|PeopleSoft Support Environments||KEVIN RESCHENBERG|
I once started at a new client assignment where I had been told, in
advance, that some cleanup and reorganization was needed. This company
had both HRMS/HCM and Financials. There were multiple development
databases and multiple testing databases. I had a change to make and
asked which development environment to use. Just pick any one, I was told.
Well, my first choice wasn't a good one because it turned out to be
rather unstable, so I tried another one. Now, which testing
environment(s) should receive the migrated change? That depended on
what type of change it was. Of course, some of the environments had
been patched and others hadn't, so some might be appropriate for
testing this change and others might not...
You get the idea. But I'm not picking on this client. Although the
people there knew about the problems, they might be surprised to learn
that this situation wasn't very special at all. I've seen variations of this all over the
place. It often occurs at newer installations and hopefully is cleared up
over time as the development/support team gains experience. Or maybe
it just keeps getting worse.
So here are a few thoughts on what I'd consider a simple, clean setup.
First, it's important to know that there is no one "best" way of doing this
that applies in all situations.
It all depends on your particular circumstances. What I'm going
to suggest below might be generally appropriate for typical installations, but not
for very large, active development projects.
Let's start with the basics. Oracle delivers an "empty" SYS database and
a version populated with sample data, called DMO. Both of these are
necessary. We can call them HRSYS and HRDMO (or FS___, etc.).
We need a development environment, typically called DEV (or HRDEV, FSDEV, etc.).
We will also need one or more testing databases. I'll get into that a
little more later. Finally, there will be a production database.
So a very minimal configuration might look like this:
SYS, DMO, DEV, TST, PRD.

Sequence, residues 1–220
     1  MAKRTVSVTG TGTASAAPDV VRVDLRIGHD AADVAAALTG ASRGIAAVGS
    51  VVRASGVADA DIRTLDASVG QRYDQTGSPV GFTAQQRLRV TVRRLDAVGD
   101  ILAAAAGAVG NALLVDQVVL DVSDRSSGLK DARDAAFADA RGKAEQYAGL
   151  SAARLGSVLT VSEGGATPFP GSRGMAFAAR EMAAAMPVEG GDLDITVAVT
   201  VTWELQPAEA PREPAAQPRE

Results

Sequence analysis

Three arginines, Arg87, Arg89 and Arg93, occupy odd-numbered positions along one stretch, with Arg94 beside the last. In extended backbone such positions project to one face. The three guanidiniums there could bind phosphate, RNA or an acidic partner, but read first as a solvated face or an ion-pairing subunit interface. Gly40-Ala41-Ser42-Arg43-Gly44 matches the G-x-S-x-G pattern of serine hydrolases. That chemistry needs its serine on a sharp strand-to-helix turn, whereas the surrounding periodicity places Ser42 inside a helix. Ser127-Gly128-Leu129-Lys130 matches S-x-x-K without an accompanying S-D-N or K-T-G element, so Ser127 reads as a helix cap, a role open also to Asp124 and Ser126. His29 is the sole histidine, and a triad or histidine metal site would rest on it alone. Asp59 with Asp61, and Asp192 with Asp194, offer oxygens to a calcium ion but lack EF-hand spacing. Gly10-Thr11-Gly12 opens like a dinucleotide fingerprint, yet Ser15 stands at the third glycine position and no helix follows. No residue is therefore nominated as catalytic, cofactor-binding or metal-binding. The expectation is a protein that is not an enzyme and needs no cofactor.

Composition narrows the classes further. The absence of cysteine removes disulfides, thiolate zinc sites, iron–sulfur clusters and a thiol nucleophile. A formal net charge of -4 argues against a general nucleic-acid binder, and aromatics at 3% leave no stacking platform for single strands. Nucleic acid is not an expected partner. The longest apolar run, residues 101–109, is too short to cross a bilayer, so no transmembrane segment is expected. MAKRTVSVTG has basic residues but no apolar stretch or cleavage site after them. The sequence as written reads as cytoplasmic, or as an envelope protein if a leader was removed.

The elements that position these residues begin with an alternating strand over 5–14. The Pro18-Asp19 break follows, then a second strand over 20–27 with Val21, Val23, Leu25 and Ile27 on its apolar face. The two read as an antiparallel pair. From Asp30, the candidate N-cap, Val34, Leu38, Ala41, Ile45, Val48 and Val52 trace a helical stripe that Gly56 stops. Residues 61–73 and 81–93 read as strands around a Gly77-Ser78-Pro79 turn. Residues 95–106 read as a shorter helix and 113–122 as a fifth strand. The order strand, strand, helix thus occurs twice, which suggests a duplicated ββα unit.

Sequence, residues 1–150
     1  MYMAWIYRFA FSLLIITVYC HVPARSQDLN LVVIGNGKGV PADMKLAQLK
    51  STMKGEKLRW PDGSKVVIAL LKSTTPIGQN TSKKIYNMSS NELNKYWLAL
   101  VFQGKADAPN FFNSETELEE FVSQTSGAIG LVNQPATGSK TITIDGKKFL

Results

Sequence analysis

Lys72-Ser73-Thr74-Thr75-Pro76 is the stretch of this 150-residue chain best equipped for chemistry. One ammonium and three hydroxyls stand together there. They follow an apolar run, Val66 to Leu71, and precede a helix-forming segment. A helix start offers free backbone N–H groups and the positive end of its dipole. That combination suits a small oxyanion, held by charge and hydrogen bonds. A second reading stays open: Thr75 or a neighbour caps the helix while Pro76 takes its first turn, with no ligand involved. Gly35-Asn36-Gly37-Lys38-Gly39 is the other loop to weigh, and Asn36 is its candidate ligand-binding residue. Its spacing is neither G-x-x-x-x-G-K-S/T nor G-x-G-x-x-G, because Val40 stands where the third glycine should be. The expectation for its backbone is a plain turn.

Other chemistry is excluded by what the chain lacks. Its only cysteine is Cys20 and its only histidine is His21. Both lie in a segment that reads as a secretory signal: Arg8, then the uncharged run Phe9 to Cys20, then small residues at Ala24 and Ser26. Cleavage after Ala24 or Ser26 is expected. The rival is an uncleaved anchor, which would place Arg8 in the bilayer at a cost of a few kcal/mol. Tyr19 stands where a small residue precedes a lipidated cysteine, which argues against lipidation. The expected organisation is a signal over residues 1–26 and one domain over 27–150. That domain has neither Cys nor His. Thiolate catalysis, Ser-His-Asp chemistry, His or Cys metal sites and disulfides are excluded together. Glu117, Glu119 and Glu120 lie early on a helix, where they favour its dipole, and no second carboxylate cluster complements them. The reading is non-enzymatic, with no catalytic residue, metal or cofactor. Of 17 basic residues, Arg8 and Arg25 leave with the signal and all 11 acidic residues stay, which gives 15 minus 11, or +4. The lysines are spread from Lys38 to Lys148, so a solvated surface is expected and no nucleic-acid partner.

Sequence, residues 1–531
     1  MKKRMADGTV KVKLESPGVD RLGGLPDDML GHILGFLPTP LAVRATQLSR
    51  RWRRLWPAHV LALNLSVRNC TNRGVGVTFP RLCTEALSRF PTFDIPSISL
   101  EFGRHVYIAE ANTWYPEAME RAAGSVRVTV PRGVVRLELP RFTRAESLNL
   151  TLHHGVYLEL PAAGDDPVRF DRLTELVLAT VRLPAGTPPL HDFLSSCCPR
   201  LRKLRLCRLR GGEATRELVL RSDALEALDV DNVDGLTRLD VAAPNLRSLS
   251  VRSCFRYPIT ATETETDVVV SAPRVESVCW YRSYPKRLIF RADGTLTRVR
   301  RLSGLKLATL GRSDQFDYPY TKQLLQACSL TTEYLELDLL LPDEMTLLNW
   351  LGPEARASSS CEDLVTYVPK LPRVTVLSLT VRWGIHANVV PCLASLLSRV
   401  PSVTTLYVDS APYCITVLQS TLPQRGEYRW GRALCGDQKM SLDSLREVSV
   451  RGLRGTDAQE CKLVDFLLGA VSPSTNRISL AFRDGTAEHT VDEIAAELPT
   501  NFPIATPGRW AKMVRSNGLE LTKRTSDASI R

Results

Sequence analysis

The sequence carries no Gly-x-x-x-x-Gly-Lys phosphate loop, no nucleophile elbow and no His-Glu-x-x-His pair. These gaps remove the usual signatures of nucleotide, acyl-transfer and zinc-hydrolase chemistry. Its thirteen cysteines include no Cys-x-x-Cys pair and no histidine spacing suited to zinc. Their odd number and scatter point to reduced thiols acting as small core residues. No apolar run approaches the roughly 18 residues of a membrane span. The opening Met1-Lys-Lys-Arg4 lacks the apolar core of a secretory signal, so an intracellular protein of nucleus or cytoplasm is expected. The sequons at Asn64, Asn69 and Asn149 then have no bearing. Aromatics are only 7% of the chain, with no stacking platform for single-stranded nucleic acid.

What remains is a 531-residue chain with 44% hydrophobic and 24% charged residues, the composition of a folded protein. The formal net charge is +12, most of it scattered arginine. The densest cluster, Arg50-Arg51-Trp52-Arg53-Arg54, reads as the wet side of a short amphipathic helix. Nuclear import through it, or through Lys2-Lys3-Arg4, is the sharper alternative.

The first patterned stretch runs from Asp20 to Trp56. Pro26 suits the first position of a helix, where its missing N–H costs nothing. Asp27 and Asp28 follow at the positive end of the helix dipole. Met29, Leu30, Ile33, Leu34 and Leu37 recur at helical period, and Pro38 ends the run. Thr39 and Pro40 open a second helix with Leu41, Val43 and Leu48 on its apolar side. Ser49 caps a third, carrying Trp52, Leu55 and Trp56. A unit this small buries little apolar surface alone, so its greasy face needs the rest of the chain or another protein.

(A quick aside about the database names. Keep them short, to five characters
or less, as in HRDEV. When you do an upgrade, you will want the extra space
for a version number or similar.)
SYS is used to create your initial environments. It contains only the basic data
that has been delivered along with the system. SYS can be kept for creating
additional environments later, but in my experience most customers just
set it aside and forget about it because it is more convenient to copy
another, customized environment.
DMO is used for the initial test of delivered patches and fixes. These should be
applied to DMO and tested before they are migrated to the other environments.
DMO is also used to recreate problems that will be reported to Oracle.
This means that DMO is a real, important environment. It should not be
considered a sandbox or play area. No customization should
be moved to DMO. It also doesn't work as a training
environment since it does not include any customization.
Customization is done in DEV and then migrated to TST. Once it has been
approved, it then migrates to PRD. Everyone on the team—technical,
functional, management—must understand this basic flow. Everyone should
be able to look at the name of a database (to which he or she has access)
and immediately understand what
it's for. If this is not the case, you are inviting problems.
Now, you might be objecting to this one-testing-database setup. It is typical
to have a number of different testing environments, in what could be called two
First, we have the migration path itself. If TST is used within the team
for initial functional testing, we might also want to set up a User Acceptance Test
environment called UAT. Changes will then migrate from DEV to TST to UAT to PRD.
There could be other levels of testing as well.
Some customers also set up a staging environment just before production.
This might be another testing stop, or it might just be a true staging area.
Whether you need one depends on whether you are trying to manage "releases"
of your custom changes. For now I'll assume that each change moves along the
migration path at its own pace, and that we therefore do not need a staging
The second "dimension" of testing databases is represented by several
testing environments at the same step along the migration path. For example,
you might have several TST databases. There are many possible reasons, including
data considerations, timing, access issues, training considerations, and
politics. Yes, politics—and I'll dive into this unpleasant subject